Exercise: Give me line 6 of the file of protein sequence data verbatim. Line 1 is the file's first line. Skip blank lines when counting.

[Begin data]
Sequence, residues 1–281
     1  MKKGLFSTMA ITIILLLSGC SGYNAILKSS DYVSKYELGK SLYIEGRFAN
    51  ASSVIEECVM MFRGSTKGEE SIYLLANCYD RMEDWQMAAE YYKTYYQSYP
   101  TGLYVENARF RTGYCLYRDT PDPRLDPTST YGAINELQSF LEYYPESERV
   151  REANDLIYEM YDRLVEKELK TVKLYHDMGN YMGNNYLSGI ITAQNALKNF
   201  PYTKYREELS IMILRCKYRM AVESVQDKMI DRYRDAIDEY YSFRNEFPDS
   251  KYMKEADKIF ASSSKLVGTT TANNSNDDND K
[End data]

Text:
   201  PYTKYREELS IMILRCKYRM AVESVQDKMI DRYRDAIDEY YSFRNEFPDS